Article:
It’s Time to upgrade your Hard Drive – A Kingston SSDNow V300 Review

October 8, 2013 at 2:13 pm by

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With solid state drives on the rise as the new standard hard drive, and mechanical drives headed to the days of the CD, it’s very likely we will be seeing SSDs completely replace mechanical drives in the near future.

Today, I will be reviewing a new 240GB SSDNow from Kingston (model SV300S3D7), who was very generous and sent one out for review. Throughout the contents of this review I will be discussing the following topics: what an SSD is, unboxing of the unit, features, performance/specifications, and finally my overall thoughts.


Figure 1 – Hard drive size comparison with two Kingston SSDs

What is a Solid State Drive?

Just like a typical mechanical hard drive (HDD), a solid state drive (SSD) stores your personal PC data that can be recalled at a later time. Traditional hard drives use electromechanical spinning disks that typically spin at rates of 5400rpm or 7200rpm, whereas SSDs do not use disks. SSDs write their information onto integrated flash circuits that can be read at incredible speeds. What makes SSDs so amazing is that there are zero moving parts, making them more robust than HDDs. With SSDs having read/write speeds over 10x faster than HDDs you could say they’re perfect! But there are some negatives, as SSDs’ life spans are lower than HDDs’, only lasting around 5 – 7 years depending on how much is written onto the drive and the unit’s quality. This Kingston unit, however, touts a life expectancy of around 1 million hours. Another downside is that SSDs are typically more expensive than HDDs of the same capacity.


Figure 2 – The Box

Unboxing of the Unit

The SSDNow V series is available in three different capacities: 60GB, 120GB, and 240GB; the box contains useful information about the SSD and acts as a durable distribution box. Now the V series is the lowest on Kingston’s SSD lineup as there is the V+, KC and HyperX models; which is their top tier model.

What I have received from Kingston was a desktop SSD upgrade kit, that included all of the necessary installation tools for swapping over from the old hard drive to the new SSD. Also provided for a quick and easy installation, is a metal mounting bracket to allow the SSD to be mounted in a standard HDD bay, with mounting screws, a contents CD which has cloning software that provides a simple method of copying everything on your previous drive to your new Kingston SSD, one SATA data cable that unfortunately does not have a right angle connector, a Molex to SATA power adapter, and finally the SSD itself.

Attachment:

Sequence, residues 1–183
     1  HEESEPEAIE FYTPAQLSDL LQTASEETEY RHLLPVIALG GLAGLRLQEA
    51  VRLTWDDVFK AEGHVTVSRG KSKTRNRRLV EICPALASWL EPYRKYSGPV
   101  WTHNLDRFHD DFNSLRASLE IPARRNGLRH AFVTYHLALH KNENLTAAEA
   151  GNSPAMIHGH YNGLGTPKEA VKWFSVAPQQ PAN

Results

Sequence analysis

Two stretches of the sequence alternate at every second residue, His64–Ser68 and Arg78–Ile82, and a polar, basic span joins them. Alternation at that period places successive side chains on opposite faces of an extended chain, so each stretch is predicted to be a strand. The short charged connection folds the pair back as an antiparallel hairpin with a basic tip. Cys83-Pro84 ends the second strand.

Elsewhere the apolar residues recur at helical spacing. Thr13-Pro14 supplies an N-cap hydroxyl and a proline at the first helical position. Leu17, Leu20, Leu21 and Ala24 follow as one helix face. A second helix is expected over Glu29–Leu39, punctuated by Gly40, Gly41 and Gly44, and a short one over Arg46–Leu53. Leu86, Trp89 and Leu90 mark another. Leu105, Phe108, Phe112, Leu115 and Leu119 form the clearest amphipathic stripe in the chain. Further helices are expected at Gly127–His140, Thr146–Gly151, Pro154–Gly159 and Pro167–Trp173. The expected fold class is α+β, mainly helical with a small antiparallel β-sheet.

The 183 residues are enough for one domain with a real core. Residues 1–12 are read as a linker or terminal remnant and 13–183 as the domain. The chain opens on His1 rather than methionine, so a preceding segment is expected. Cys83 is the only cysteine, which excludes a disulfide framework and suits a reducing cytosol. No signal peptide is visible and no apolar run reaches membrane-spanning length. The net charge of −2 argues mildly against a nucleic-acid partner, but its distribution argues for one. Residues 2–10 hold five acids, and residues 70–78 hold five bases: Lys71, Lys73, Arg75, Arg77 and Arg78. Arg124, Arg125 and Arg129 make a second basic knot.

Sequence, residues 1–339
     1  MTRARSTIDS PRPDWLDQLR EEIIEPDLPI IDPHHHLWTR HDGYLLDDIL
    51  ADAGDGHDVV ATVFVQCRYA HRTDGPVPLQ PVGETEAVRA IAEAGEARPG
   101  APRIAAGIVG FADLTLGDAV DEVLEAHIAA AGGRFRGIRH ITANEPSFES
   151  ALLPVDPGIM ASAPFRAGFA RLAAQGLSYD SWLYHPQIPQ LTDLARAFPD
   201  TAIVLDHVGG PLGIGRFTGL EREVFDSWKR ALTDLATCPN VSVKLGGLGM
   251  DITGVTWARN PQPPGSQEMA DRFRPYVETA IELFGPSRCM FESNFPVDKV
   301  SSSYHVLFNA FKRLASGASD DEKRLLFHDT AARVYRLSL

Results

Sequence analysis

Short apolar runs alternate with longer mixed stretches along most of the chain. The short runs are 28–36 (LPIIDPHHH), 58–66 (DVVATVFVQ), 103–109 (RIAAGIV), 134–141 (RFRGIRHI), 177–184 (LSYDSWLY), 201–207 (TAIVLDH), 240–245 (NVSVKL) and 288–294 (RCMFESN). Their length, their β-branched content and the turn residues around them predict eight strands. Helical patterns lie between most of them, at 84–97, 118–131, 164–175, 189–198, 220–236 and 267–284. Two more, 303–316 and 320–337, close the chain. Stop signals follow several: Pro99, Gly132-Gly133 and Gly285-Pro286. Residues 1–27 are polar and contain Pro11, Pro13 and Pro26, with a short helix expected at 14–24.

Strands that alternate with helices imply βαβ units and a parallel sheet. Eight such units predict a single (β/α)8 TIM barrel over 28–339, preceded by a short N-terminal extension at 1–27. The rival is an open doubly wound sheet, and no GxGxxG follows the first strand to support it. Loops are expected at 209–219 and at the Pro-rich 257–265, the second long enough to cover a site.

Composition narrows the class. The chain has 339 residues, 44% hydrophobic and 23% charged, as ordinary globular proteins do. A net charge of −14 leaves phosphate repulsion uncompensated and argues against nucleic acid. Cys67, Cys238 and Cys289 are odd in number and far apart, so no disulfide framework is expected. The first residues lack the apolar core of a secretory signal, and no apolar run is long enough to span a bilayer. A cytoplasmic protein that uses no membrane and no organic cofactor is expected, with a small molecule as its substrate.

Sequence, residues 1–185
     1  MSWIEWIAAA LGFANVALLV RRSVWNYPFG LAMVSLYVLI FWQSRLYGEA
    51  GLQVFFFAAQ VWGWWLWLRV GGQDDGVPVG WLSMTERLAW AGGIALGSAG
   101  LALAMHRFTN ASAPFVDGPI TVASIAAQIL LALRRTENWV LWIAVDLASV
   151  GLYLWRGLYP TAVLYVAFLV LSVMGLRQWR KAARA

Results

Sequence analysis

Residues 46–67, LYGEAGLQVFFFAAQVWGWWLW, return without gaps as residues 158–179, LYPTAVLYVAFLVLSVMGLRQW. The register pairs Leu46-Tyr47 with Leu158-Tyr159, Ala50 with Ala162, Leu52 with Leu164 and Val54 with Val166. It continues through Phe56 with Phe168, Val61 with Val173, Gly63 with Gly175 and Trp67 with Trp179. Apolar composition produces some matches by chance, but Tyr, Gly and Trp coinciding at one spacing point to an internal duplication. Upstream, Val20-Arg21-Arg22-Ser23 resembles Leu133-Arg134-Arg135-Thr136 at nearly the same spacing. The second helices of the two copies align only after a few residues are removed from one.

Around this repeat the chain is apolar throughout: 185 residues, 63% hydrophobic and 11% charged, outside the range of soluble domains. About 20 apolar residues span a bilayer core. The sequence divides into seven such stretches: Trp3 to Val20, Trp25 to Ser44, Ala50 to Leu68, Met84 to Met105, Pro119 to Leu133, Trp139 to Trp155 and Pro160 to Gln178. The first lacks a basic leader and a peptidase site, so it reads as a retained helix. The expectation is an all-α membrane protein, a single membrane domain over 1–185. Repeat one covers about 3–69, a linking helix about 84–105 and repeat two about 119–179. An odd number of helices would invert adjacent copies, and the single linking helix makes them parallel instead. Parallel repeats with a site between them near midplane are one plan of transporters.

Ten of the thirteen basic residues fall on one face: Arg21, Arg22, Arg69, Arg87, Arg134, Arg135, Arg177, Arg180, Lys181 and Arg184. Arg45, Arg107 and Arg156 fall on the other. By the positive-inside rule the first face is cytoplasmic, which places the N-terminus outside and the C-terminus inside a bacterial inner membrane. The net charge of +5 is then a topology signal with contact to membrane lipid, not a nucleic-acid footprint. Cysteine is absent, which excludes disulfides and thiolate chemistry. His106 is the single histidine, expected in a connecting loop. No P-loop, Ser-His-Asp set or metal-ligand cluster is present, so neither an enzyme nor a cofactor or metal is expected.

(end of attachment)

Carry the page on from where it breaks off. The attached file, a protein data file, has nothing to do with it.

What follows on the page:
Priced at a somewhat reasonable $185 (www.kingston.com), the SSD offers a lot for this price point. With most SSDs still currently more expensive per dollar of gigabyte, Kingston has done what few SSD manufacturers have yet to do, lower the price below $1 per gigabyte.


Figure 3 – What is included in the box.

Features

With all SSDs being similar in the way they operate, I won’t be taking into account things such as transfer speed over a typical mechanical hard drive since all SSDs can easily outperform HDDs. Manufacturers need to set themselves apart from one another by adding diagnostic tools for PC enthusiasts, (S.M.A.R.T and TRIM) or guaranteeing a three-year warranty with free technical support, both of which are included with this SSD. This is an excellent way to differentiate the SSD from the competition. Personally, I would have like to seen a longer warranty, somewhere around the five year mark.

Installation of the drive into your PC takes a mere few minutes while installation of Windows can be estimated around 20 – 30 minutes. Also, expect to have programs be installed within minutes or even seconds.